Different garments or goods need different processes. You may not know what number the valve is that opens, but you need to know which tank you are pulling solvent from. What are the implications when one of those processes doesn’t work properly?
I understand that this is hard work! You are not going to learn it all in one day, but you do need to learn it.
Learn the names
You need to be able to communicate with your staff and your mechanic. To do that you must know the name of the part you are looking at.
I had a phone call from a lady, “The thing fell off the side of the boiler,” she said. My thought?Either that thing doesn’t matter or you need to hang up the phone and run as fast as you can.
Sorry, I don’t know what the thing is. And if I don’t know what you are talking about, I can’t help you. We have to be able to communicate. Most people don’t put the effort into this.
Usually, they learn the name for a part when they have to pay for one. That is a $4,000 refrigeration compressor. I think you will remember the name for that one.
Manuals and error codes
Every machine comes with a manual. Sometimes the manuals are worth almost as much as the machine itself. They are a vital resource for your staff and also for your technician. Manuals contain installation procedures, maintenance schedules, wiring diagrams and error codes. Everything you need to know is in the manual. Don’t buy a machine unless you get a manual with it.
The manual will have detailed instructions on how the machine needs to be installed. If it is not installed correctly, it will not work properly. The manual will contain settings for anything that is adjustable on the machine. It may be possible to adjust temperatures, pressures and time on different things. Not every machine is the same. Sometimes the settings change over the years. The manufacturer has made specific recommendations so you can get the best possible results.
If I have to trace a wire or air hose, the diagram in the manual will save a significant amount of time. (You can read that as saving you money!) The manual has maintenance recommendations – things that need to be done to maintain peak operation. They may be daily procedures that your staff follow, or annual maintenance that your technician does for you.
Those manuals should be available to whoever operates the machine and whoever does maintenance on it. The manufacturer knows best. The pages that are most often referred to in the manual are the Error Code pages. They indicate what is wrong with the machine and usually give a recommendation on how to resolve the issue.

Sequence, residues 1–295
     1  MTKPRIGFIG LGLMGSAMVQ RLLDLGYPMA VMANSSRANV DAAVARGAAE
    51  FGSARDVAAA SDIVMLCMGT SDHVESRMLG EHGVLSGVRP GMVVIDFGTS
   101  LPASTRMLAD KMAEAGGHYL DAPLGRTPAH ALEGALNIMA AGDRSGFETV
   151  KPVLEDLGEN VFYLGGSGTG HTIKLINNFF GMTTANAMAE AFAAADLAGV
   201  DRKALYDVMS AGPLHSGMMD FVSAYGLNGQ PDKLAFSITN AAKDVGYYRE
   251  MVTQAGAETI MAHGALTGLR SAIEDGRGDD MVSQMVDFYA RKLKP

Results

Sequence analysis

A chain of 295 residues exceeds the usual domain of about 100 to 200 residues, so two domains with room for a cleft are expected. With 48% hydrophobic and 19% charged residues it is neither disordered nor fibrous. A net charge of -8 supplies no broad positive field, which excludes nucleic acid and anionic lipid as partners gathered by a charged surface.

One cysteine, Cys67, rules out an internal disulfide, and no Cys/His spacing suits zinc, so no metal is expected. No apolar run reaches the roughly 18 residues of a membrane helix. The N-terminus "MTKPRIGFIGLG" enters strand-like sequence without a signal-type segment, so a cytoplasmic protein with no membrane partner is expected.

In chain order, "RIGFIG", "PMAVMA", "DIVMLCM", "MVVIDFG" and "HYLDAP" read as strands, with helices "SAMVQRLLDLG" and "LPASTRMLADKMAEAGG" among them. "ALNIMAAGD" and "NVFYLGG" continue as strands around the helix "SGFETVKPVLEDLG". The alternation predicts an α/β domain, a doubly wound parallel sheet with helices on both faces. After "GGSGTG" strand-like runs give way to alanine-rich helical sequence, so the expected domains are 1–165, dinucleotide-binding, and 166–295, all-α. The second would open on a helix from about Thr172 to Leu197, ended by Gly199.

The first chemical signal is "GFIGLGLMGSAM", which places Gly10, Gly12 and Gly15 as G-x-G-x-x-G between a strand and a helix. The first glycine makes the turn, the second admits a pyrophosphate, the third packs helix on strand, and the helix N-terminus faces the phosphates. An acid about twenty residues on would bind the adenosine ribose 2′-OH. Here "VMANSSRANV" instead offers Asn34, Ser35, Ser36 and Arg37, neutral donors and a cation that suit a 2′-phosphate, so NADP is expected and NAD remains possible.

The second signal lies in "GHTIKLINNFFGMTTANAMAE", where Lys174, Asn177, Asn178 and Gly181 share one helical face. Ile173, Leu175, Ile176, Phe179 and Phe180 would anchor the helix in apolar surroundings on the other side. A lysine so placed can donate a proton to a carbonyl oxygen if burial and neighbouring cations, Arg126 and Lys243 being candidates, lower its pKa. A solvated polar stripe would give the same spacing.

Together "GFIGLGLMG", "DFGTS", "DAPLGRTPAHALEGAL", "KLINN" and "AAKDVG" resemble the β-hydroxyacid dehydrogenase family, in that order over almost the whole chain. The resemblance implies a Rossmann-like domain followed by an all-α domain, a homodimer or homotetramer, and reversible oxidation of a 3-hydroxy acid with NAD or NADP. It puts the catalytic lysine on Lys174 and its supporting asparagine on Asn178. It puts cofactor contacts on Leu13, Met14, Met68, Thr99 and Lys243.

Relationship with the Trades
This is absolutely your area, your responsibility. You pick which technicians work in your plant. You hire or fire them and you pay them. Most importantly – you are at their mercy when you have a breakdown. Most tradespeople have too many customers. They are continually deciding who they are going to bump off today’s list. How do you rate?
Do you pay their bills on time, do you listen to their advice? Is your plant clean? Are you a nice person that the technician likes to deal with? Or are you the guy that the technicians say, “I hate going to that plant.” I’m not just talking about myself and my technicians. I’m talking about your electrician, painter, boiler guy, welder, etc. Whoever it may be.
View their service as a relationship. It is not a one-time purchase and you can go down the road to the next guy if you want. This is a relationship that you need to develop and nurture. You will need that person badly one day.
Have an ongoing relationship with your technical people. Use them whenever you can. Try to use them sometimes when it isn’t an emergency. You can’t use him once a year and expect to be on the top of his priority list.
Build yourself a technical team: plumber, welder, boiler tech, electrician, etc. Use them so they are familiar with your plant and your way of doing things.
One other thing: don’t lie to your mechanic. He will know and he will think you are an idiot. Give him bad information and you will get bad results. If you didn’t do what you were supposed to do, tell him. If you did something stupid and wrecked the machine, tell him that too.
He already knows. You didn’t call him because you were lonely!
Pay your service team quickly. We pay our sub-trades within days of using them. They know there will be no issues when they work for me. If I need something in an emergency, they all respond quickly.
Next month we will talk about how to start a maintenance program for your plant and who should be doing the actual work.
Kevin Marois founded Calgary-based Integrity Mechanical in 2003 to service plants in western Canada. He writes on issues related to equipment, its purchase, maintenance and use. You can reach Kevin at firstname.lastname@example.org or via his website www.imicanada.ca
Kevin Marois founded Calgary-based Integrity Mechanical in 2003 to serve plants in Western Canada. He writes on issues related to equipment, its purchase, maintenance and use.
You can reach Kevin at email@example.com, or via his website, www.imicanada.ca.